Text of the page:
Down East Communities Say They’d Be Harmed By Prison’s Closure

Feb 23, 2017

For more than 30 years, the population in the Down East town of Machiasport has remained virtually unchanged, at about 1,100 residents. But that number could drop by more than 10 percent if state lawmakers agree to Gov. Paul LePage’s plan to close the Downeast Correctional Facility.

The closure would trim $5 million from the state budget, but opponents say the proposed closure would not only mean the loss of jobs, but also diminish the region’s labor supply.

Corrections Chief Joseph Fitzpatrick told the Legislature’s Appropriations Committee last week that the math just doesn’t add up and that the state can no longer justify the continued operation of a regional prison to serve just 150 inmates. But state Rep. Robert Alley of Beals says the region cannot afford to lose the 51 jobs the prison provides.

“This is a very small number of people that we are talking about and there is no cost to this bill, should the facility stay open,” he says. “We owe these loyal, long-term employees who have given the best years of their life in service to the state. They deserve that much.”

And employers in the region, including David Whitney, say there’s more to the equation. The prison is not just one of the region’s largest employers, he says — it’s also a chief source of labor.

“In 2016, we sent out 452 W-2 forms — 31 of those were to inmates from the Downeast Correctional Facility,” he says.

Whitney owns and manages several businesses in the region, including the Whitney Wreath Co. He says the prisoners volunteer for work assignments at his company and for a number of nonprofit organizations in the area, and that would be hard to replace in one of the state’s poorest counties.

“My experience with these individuals is that they’re extraordinarily appreciative for the opportunity,” he says. “They’re very content to be at work. They come to work and they stay at work and they are very happy to be there — and they’re very respectful.”

In fact, many of the prisoners stay and work in the area after the end of their prison terms. Machiasport Selectman Jeff Davis says the local population is being sustained by increasing numbers of released inmates.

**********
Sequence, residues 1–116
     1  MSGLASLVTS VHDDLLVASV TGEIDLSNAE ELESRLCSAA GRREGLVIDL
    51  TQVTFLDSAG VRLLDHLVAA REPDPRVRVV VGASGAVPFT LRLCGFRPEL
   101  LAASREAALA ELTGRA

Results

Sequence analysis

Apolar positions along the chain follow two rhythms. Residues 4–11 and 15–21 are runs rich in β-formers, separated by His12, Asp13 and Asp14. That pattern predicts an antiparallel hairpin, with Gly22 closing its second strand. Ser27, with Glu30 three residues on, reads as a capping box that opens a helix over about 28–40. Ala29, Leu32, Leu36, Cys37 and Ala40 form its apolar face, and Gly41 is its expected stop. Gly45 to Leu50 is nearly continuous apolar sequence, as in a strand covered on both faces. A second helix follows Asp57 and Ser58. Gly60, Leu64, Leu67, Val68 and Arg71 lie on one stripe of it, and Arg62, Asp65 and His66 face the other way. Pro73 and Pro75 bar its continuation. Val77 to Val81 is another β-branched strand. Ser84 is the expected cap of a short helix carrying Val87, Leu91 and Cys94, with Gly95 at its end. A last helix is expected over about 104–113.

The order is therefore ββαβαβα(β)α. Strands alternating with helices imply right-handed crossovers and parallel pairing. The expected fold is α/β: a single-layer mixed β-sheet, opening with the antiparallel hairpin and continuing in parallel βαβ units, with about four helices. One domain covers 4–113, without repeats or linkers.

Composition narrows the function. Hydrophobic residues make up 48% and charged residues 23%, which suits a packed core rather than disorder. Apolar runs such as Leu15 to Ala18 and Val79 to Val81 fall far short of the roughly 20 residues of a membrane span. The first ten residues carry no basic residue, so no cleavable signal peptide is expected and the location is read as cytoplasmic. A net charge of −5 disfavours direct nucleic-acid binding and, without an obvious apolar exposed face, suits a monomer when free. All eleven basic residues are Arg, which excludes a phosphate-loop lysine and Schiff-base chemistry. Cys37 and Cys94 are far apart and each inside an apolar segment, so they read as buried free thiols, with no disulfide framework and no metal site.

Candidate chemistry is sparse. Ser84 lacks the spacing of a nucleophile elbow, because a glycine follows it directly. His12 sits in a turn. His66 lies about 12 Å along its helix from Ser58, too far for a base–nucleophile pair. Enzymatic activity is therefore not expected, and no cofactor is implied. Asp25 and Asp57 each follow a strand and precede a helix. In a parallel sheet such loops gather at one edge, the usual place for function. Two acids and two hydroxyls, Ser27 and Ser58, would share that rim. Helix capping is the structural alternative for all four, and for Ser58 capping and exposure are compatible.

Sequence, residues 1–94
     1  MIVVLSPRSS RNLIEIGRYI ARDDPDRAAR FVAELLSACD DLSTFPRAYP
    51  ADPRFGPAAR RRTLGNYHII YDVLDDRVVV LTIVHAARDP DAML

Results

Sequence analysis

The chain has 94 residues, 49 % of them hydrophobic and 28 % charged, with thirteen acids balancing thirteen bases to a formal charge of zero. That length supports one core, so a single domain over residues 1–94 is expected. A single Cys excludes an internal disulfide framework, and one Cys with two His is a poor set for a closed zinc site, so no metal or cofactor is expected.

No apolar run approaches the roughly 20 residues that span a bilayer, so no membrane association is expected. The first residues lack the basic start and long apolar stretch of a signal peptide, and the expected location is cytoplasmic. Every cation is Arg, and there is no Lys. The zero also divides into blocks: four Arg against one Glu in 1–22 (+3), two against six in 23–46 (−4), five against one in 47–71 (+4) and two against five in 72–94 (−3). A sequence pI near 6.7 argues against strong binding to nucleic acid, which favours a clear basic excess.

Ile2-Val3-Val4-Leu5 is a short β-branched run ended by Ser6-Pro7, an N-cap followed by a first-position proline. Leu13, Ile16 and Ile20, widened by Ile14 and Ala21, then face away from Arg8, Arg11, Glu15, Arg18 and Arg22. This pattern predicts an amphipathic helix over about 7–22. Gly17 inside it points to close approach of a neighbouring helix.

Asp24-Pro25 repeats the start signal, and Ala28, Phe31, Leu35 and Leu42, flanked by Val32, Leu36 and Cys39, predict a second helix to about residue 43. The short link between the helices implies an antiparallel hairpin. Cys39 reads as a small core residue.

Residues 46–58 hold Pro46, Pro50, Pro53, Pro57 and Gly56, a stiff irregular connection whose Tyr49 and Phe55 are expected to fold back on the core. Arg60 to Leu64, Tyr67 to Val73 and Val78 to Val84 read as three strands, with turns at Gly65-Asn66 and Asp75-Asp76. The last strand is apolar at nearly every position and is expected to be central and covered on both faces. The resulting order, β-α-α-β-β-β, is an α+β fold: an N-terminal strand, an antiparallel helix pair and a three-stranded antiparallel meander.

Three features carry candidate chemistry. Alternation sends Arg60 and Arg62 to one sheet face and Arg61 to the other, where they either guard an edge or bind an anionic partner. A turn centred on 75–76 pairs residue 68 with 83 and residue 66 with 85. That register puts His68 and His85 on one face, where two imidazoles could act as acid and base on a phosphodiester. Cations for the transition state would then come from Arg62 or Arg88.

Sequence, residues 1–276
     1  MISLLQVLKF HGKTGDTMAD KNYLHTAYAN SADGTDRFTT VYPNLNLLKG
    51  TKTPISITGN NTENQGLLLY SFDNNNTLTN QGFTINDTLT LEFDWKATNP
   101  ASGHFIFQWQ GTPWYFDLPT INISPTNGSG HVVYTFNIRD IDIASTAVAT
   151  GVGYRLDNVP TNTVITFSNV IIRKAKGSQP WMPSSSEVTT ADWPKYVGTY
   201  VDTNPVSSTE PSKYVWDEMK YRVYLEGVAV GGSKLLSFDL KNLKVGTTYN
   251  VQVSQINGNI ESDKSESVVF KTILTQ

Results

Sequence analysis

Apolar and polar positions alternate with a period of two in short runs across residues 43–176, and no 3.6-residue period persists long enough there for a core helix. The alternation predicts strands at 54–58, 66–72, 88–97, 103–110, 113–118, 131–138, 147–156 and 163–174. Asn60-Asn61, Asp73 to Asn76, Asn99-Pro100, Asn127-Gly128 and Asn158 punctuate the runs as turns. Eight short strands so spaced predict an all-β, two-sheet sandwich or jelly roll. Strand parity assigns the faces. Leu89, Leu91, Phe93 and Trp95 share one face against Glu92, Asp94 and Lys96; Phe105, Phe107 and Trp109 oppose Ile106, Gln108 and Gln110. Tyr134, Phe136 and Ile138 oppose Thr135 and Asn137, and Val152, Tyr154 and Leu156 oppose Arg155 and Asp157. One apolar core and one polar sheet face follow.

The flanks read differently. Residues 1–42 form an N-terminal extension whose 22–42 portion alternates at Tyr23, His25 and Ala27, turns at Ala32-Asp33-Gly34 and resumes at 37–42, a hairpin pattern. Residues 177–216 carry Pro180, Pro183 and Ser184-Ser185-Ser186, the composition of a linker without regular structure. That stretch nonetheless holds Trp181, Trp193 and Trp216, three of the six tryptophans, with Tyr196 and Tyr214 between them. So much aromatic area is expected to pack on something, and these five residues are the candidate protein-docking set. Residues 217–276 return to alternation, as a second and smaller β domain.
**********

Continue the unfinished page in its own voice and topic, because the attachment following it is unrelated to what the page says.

“We have in this town taxpaying residents that were once in the work program out of Downeast Correctional and are now taxpayers in the town of Machiasport,” he says.

“I really believe there’s an acceptance here of people who have made a mistake or a poor choice and neighbors tend to say, ‘Show me what you’ve got now,’” says Sharon Mack, the director for the Machias Bay Chamber of Commerce.

Mack says because the community is so accepting, the state’s corrections system should be trying to expand the Downeast Correctional Facility experience rather than eliminate it.

But state corrections officials say that the Downeast inmates could be housed more efficiently at other institutions, and that some could also be released into the community under a monitored ankle bracelet program.

“We are either going to be tough on crime or we are not going to be tough on crime, and putting folks out on the street who have not finished their sentences to me is a great folly,” says state Rep. William Tuell, an East Machias Republican.

Tuell says that solution doesn’t pass the straight-face test.

“I’m fine with people going to jail and paying their time and coming back, but I just feel that this letting people out on the street is sending a mixed message here,” he says.

More than 2,500 people have signed petitions opposing the closure of the Downeast Correctional Facility, which will be focus of additional legislative discussion in the coming weeks.